I suspect that delaying entry into this trade and using the 40 strikes will result in trade costs relatively similar to entry now at 30 but with somewhat better risk/reward. I may also structure this trade as a put spread to somewhat further reduce risk (at the cost of capped reward).
    Fundamentally this is a bet against the global economy improving or for passage of “cap and trade” or some similar legislation.
    Part of the reason for my “caution” in entering this trade is the broad feeling that coal will continue in substantial use for an extended time, regardless of legislation.
    Further, as with any “investment”, there is the potential for “black swans”. One example that I like is a bilateral US/China deal to replace/update inefficient / polluting Chinese coal fired generating plants. Particularly interesting would be a technology agreement based on coal fired solid oxide fuel cells operating in a combined cycle configuration, presently in development in the USA. On the other hand, while there is optimism about expanded coal production, one of the lessons of the 2008 peak was that coal (as with many other things) hit multiple production and logistic bottlenecks. Granted, a number of these have been resolved. However, a number of them are still issues and will likely remain so.
    Also, while both of these are “large coal companies”, they are quite different from each other. One is essentially a USA play but has a substantial amount of shale gas production. The other has substantial international production and trade with China (and other countries. A more pure play might be someone like Arch (ACI).

  2. Mike,
    Since I got into these trades over a month ago, you’re definitely right that I’m too early.
    But you’re also right that they are a bet against the global economy… I see them as a hedge against the long position in my portfolio. I’m bearish, so if I had not gotten into these trades, I would have gotten out of some long stocks… I’m trying to stay market neutral at this point.
    You’re also right about Black Swans being part of my reasoning. I have puts such as these scattered around the energy-intensive sectors of the economy, in the hopes of benefiting from Black Swans. That’s why I’m using such low strike prices… I wanted to choose price points where it was difficult to imagine the companies falling to, so that I would not have to pay much for my lottery tickets.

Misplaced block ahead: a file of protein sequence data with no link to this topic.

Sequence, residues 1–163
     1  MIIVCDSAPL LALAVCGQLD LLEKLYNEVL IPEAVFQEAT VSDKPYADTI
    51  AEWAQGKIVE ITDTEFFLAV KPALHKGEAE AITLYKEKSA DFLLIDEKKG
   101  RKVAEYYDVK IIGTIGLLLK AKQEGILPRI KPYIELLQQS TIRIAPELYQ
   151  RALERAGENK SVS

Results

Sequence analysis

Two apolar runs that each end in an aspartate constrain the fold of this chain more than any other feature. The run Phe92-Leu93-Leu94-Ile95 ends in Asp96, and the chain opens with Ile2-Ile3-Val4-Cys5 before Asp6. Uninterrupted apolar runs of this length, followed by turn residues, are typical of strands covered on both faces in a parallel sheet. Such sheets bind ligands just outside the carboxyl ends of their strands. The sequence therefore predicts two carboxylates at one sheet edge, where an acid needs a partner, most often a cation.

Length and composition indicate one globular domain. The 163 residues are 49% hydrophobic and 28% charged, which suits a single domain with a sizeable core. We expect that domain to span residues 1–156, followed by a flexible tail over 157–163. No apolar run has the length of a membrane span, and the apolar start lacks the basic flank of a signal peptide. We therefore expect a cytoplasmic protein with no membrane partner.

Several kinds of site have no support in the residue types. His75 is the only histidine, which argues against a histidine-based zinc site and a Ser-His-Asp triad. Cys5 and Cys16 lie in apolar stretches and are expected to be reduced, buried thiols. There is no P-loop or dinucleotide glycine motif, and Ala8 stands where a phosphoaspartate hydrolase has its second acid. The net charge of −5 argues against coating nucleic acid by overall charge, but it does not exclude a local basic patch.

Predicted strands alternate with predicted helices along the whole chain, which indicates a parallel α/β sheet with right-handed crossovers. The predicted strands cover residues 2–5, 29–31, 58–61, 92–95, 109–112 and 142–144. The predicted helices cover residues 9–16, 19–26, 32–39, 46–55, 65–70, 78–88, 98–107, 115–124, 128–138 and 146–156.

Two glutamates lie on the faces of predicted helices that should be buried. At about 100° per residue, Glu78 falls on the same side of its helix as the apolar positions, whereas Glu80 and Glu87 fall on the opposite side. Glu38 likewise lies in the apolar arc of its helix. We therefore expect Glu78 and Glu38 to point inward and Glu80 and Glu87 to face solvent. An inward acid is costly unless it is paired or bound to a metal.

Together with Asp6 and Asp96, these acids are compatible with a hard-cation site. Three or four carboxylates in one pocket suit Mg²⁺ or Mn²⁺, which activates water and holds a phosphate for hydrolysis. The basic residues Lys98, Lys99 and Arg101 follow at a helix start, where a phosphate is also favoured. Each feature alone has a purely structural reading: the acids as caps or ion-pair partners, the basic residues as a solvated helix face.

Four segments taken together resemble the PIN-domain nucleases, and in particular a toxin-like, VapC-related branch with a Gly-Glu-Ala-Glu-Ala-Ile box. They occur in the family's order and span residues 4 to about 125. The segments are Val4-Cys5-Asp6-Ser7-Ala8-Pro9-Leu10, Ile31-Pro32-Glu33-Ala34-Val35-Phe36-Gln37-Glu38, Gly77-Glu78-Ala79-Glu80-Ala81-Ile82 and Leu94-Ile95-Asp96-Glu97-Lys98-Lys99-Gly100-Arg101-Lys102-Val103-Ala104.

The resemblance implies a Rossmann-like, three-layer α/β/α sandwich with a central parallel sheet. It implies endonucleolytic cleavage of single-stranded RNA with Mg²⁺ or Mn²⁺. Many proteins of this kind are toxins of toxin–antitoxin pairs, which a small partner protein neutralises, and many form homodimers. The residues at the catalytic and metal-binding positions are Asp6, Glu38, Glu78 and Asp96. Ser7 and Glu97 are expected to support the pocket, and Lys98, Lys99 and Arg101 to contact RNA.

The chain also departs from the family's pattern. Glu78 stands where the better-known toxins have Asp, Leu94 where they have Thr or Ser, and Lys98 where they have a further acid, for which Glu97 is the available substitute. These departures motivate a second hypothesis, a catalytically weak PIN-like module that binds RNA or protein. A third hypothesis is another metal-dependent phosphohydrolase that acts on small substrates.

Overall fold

As for Arch Coal, thanks for the suggestion. If you’re particularly focused on the evils of coal mining, that sounds better than CNX. I’m not focused, and I like that Peabody and Consol are very different companies, though… this allows me to spread my bets: I only need one of the lottery tickets to pay off to be quite happy.
    There;s nothing certain about Shale Gas, either:

  3. Tom,
    I just re-read your shale gas post. Certainly I agree that nothing is certain. But, not all shale gas companies are “the same”. As a specific example I note that operating costs range from $0.73 to $2.13 per mcfe. Finding and development costs are similarly broadly spread. I believe this sector still has some good long term investment potential. XOM apparently agrees.
    I feel similarly about gas pipeline companies. Less potential for capital improvement, but nice long term distributions (especially if one bought last March).
    But I am biased, with long positions in these areas, notably HK and ETP.

  4. By the way, speaking of Black Swans, the recent issue of Science published a peer reviewed report that concluded: “Considering environmental impacts of MTM/VF (mountain top removal/valley fill), in combination with evidence that the health of people living in surface-mining regions of the central Appalachians is compromised by mining activities, we conclude that MTM/VF permits should not be granted unless new methods can be subjected to rigorous peer review and shown to remedy these problems. Regulators should no longer ignore rigorous science.”
    If attention is paid, could this be the end of this type of coal production?

  5. Mike,
    Agreed that not all shale gas is the same… the real question is which players are most open to nasty surprises. If you believe Dr. Berman, non e of them have costs that can be believed, so if he is right, which will fall farthest? The ones that currently appear to have low costs, or the ones that appear to have higher costs.
    Exxon Mobil believes in a lot of things I don’t. I don’t have an opinion on shale gas (except that it’s riskier than it appears.) The XOM purchase both lowered the added credibility to Shale Gas and means that contrarians can place their bets at lower prices. Big banks were wrong about the MBS and CDO markets in 2007.
    Why couldn’t XOM be wrong about Shale gas in 2009?